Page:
Make protestors pay for hartal damage

To call Kerala a hartal state is not an exaggeration. Kerala has the highest number of shutdowns every year, and life comes to a standstill every national bandh day.

Published: 03rd October 2022 08:36 AM  |   Last Updated: 03rd October 2022 08:36 AM   |  A+A-


The windshield of a KSRTC bus broken following stone pelting in the PFI hartal in capital city on Friday | Vincent Pulickal

To call Kerala a hartal state is not an exaggeration. Kerala has the highest number of shutdowns every year, and life comes to a standstill every national bandh day. The flash hartal called by the now-banned Popular Front of India (PFI) last week following the arrest of its leaders, as always, found resonance only in Kerala. There were widespread attacks on public properties, buses and shops across the state. This, again, was as usual. But something unusual happened in the following days.

While the police launched a statewide crackdown to nab those who indulged in violence, the Kerala State Road Transport Corporation (KSRTC), which bore the brunt of the anarchy unleashed by PFI activists, approached the High Court seeking a directive to the organisation to pay Rs 5.06 crore to compensate for the damage caused to its properties and the loss of revenue owing to the hartal. The high court has since ordered the organisation to pay the amount.

The transport utility cited an earlier High Court order banning ‘flash hartals’ and making political parties liable for losses caused to the government and the public during forced shutdowns. The KSRTC said the protesters had smashed windscreens and damaged seats of many buses, and hurt some employees. It said it had incurred huge losses owing to the damage caused by the hartal supporters even as it struggles to stay afloat with government support.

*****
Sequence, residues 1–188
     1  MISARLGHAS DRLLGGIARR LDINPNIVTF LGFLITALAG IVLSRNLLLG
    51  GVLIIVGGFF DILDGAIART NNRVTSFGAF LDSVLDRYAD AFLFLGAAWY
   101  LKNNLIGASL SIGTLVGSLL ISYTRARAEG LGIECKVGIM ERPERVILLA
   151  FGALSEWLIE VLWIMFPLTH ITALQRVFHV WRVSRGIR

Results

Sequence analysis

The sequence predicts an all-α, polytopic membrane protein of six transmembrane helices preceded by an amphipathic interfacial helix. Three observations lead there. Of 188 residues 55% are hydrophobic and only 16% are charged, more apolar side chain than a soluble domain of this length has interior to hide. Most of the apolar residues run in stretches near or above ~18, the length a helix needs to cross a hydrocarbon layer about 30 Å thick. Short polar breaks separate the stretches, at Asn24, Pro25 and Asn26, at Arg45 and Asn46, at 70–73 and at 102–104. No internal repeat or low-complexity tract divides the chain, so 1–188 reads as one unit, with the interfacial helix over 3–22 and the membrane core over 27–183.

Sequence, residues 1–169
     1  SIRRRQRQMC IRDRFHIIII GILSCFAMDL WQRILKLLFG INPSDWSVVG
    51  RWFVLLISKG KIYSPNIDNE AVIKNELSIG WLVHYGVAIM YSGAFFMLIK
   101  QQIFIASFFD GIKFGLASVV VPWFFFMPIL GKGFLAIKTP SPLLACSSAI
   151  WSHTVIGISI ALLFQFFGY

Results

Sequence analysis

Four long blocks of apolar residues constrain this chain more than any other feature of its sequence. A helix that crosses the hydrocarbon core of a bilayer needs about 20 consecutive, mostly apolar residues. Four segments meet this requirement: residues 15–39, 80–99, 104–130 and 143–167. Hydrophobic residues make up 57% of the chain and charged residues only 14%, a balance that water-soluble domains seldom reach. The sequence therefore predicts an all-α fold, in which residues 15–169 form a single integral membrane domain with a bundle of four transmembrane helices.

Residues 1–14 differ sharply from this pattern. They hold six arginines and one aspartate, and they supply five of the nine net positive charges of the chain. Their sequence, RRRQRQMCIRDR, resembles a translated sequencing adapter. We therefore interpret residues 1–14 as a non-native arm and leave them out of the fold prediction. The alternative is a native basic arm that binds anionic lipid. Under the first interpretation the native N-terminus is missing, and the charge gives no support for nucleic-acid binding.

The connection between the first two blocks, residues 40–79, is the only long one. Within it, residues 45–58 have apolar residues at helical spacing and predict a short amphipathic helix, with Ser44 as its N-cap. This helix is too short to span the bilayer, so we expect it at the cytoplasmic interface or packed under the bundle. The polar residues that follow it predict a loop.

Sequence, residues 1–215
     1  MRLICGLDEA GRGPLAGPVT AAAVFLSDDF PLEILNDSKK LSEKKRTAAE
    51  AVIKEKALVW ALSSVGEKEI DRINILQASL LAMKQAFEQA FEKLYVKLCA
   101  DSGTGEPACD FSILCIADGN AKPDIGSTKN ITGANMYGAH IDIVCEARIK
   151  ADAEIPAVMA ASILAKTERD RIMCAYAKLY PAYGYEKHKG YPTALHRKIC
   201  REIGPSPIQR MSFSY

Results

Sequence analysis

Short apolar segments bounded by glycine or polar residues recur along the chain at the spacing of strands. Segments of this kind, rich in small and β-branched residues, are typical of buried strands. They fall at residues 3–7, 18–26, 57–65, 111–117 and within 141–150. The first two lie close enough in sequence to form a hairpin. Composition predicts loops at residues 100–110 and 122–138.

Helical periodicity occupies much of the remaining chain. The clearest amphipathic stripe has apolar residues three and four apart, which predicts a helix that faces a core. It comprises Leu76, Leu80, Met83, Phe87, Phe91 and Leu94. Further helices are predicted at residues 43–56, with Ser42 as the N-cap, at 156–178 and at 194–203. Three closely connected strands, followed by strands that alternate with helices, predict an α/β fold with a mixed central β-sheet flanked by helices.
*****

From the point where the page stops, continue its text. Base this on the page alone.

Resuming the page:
The move by the KSRTC has been widely appreciated in the state, which is used to seeing properties worth crores being damaged routinely during hartals and perpetrators going unpunished. And the Kerala High Court has since directed PFI to pay the damages. The UP government had recently issued an ordinance on similar lines to make protestors pay for the damage caused to properties. That a government led by Left parties, primarily responsible for Kerala’s bandh-hartal culture, is keen on punishing protestors, may seem a bit contradictory. But, it certainly is a welcome contradiction. 

However, what remains to be seen is whether this diligence to get compensation from protestors is limited to the case of PFI, which is a marginal and much-maligned force in the state. If the same approach is shown towards hartals called by mainstream political parties too, it will certainly be a welcome change for the harassed people in a politically volatile state.


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